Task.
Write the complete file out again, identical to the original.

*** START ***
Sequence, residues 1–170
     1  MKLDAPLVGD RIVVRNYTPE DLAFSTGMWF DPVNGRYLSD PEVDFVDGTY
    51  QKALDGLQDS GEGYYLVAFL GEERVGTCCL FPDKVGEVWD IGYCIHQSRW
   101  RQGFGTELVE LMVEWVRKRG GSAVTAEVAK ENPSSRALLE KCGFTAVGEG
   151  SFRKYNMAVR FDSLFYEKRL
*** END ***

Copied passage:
Sequence, residues 1–170
     1  MKLDAPLVGD RIVVRNYTPE DLAFSTGMWF DPVNGRYLSD PEVDFVDGTY
    51  QKALDGLQDS GEGYYLVAFL GEERVGTCCL FPDKVGEVWD IGYCIHQSRW
   101  RQGFGTELVE LMVEWVRKRG GSAVTAEVAK ENPSSRALLE KCGFTAVGEG
   151  SFRKYNMAVR FDSLFYEKRL